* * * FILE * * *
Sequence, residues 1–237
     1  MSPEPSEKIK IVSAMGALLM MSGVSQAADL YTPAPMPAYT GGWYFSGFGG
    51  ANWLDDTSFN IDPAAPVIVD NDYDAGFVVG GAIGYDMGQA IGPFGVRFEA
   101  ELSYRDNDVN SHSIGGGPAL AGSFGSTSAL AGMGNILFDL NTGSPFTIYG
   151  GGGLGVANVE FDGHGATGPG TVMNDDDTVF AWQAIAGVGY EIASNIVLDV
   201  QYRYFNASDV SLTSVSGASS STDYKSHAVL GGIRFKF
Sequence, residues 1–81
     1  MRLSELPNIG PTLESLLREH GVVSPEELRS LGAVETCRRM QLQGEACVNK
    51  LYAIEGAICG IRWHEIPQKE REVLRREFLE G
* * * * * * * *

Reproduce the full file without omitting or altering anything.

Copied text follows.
Sequence, residues 1–237
     1  MSPEPSEKIK IVSAMGALLM MSGVSQAADL YTPAPMPAYT GGWYFSGFGG
    51  ANWLDDTSFN IDPAAPVIVD NDYDAGFVVG GAIGYDMGQA IGPFGVRFEA
   101  ELSYRDNDVN SHSIGGGPAL AGSFGSTSAL AGMGNILFDL NTGSPFTIYG
   151  GGGLGVANVE FDGHGATGPG TVMNDDDTVF AWQAIAGVGY EIASNIVLDV
   201  QYRYFNASDV SLTSVSGASS STDYKSHAVL GGIRFKF
Sequence, residues 1–81
     1  MRLSELPNIG PTLESLLREH GVVSPEELRS LGAVETCRRM QLQGEACVNK
    51  LYAIEGAICG IRWHEIPQKE REVLRREFLE G